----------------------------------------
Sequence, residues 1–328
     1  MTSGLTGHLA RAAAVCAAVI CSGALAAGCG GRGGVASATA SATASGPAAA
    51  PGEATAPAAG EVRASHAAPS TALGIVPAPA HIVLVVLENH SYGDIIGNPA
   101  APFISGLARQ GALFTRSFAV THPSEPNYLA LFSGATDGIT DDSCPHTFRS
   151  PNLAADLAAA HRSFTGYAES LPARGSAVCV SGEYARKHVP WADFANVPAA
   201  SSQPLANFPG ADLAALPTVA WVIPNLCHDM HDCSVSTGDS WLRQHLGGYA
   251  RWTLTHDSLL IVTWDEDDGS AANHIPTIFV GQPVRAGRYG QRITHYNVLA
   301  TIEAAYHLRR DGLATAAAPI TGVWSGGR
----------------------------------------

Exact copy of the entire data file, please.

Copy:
Sequence, residues 1–328
     1  MTSGLTGHLA RAAAVCAAVI CSGALAAGCG GRGGVASATA SATASGPAAA
    51  PGEATAPAAG EVRASHAAPS TALGIVPAPA HIVLVVLENH SYGDIIGNPA
   101  APFISGLARQ GALFTRSFAV THPSEPNYLA LFSGATDGIT DDSCPHTFRS
   151  PNLAADLAAA HRSFTGYAES LPARGSAVCV SGEYARKHVP WADFANVPAA
   201  SSQPLANFPG ADLAALPTVA WVIPNLCHDM HDCSVSTGDS WLRQHLGGYA
   251  RWTLTHDSLL IVTWDEDDGS AANHIPTIFV GQPVRAGRYG QRITHYNVLA
   301  TIEAAYHLRR DGLATAAAPI TGVWSGGR